AMD AES-NI performance issues? faster when off

  • Whenever I enable AES-NI acceleration on AMD platforms (both my ATHLON 5150  and A4-5300), vpn performance drops a lot


    The 'numbers' are in 1000s of bytes per second processed.
    type            16 bytes    64 bytes    256 bytes  1024 bytes  8192 bytes
    aes-128-cbc      3410.06k    13240.97k    48273.89k  145732.61k  356466.69k


    type            16 bytes    64 bytes    256 bytes  1024 bytes  8192 bytes
    aes-128-cbc    265019.69k  364898.52k  453860.48k  480797.35k  487650.65k

    Anyone else having issues with AES-NI on AMD platforms ?

    Im running pfsense directly installed on the computer (no virtualization.  But this also happens on virtualized environments)


  • afaik aes-ni will only help with with aes-gcm

  • I read on this forum it only works with cbc.

    anyway, I tried gcm and the results are equal both with aes-ni on and off

  • yes that explains the huge performance drop when the options is enabled.

    thank you!

  • The AES-NI checkbox in the GUI enables AES-NI for AES 128/192/256 CBC via cryptodev. That means that for each block of data to encrypt, the openssl library will issue an ioctl to send that block to the kernel, suffering a context switch penalty. Since the computation being performed is exactly the same as what openssl would do without cryptodev (and in that case, without the context switch) it is necessarily slower; there is no advantage at all in enabling AES-NI via cryptodev. You do not see a penalty for GCM modes because those are not implemented in cryptodev and so openssl continues to use its internal routines.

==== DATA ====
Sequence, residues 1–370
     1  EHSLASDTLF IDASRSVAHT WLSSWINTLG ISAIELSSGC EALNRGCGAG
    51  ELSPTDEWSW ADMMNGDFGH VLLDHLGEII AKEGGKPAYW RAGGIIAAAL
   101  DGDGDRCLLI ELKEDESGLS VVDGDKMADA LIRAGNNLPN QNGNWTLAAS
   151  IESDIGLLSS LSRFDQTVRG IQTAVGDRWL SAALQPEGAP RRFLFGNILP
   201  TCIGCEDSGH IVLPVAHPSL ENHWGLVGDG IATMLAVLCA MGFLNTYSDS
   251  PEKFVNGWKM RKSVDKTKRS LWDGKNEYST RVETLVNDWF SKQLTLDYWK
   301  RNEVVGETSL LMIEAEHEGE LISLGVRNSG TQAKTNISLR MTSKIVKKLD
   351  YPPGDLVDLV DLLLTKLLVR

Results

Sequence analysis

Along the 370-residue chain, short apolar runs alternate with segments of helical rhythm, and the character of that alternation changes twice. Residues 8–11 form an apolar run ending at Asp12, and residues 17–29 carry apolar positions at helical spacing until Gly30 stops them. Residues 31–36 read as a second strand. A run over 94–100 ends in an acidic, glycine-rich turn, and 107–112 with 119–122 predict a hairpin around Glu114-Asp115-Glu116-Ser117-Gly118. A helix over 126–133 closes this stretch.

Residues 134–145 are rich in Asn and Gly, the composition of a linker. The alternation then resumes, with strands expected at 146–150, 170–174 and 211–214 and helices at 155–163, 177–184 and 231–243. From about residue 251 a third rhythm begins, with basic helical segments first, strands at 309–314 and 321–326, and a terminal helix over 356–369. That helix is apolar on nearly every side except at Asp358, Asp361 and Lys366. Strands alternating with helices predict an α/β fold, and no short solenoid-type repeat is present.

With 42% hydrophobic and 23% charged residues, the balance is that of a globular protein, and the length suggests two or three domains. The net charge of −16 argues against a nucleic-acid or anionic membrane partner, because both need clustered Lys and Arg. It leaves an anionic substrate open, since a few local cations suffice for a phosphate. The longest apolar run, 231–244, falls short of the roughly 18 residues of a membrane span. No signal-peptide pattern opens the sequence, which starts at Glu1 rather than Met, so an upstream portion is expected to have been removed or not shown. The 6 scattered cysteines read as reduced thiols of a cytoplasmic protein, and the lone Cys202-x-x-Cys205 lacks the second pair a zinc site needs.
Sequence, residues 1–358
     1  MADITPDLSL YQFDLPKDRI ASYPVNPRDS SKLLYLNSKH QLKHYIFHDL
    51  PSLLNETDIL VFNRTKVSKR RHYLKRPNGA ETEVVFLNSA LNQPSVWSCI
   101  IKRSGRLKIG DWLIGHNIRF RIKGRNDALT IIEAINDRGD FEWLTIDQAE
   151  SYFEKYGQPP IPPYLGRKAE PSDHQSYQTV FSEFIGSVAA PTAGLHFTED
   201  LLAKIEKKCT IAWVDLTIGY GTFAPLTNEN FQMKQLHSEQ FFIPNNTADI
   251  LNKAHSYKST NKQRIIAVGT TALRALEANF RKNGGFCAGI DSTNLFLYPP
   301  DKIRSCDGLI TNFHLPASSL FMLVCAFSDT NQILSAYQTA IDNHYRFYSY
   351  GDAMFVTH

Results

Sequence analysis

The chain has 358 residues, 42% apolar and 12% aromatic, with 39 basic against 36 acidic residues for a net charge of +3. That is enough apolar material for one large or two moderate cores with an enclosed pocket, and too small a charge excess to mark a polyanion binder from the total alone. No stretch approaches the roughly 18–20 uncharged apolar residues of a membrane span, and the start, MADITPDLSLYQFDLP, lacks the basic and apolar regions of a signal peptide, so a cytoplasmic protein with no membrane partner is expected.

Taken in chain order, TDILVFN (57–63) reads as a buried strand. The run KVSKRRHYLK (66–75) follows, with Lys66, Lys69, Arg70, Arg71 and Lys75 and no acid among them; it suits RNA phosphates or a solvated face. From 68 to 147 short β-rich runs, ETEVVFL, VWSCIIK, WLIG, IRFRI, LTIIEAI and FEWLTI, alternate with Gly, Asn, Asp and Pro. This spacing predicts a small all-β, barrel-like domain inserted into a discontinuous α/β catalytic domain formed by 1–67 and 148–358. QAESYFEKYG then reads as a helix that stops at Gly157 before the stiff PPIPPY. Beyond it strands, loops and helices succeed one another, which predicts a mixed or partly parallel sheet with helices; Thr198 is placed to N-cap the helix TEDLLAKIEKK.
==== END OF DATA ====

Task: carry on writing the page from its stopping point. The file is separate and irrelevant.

So why does the AES-NI kernel module exist at all? If you are using ipsec, which does all of its encryption in the kernel, then you need the AES-NI kernel module to let the ipsec module to use AES-NI–and in that case it's a performance gain because everything is happening in-kernel. Ideally, pfsense would enable a configuration in which you can load aesni.ko for ipsec without loading cryptodev, so you can get the benefits without the drawbacks.

    So when would you ever want cryptodev? The /dev/crypto interface is only worth using with external crypto processors, like the old via padlock or the hifn cards (though you're generally much better off just throwing out such hardware and buying something new if you care at all about crypto performance; the crypto accelerator on the old alix boards, for example, was about as fast as a new raspberry pi or an APU1 without hardware crypto, and an order of magnitude slower than an APU2). In theory it might also have a benefit for quick assist, but I think that's implemented in openssl in a way that avoids using /dev/crypto. There's been speculation over the years that cryptodev might help improve cpu utilization, but I haven't seen results on modern hardware where any speculative gain outweighs the performance penalty of the context switching overhead.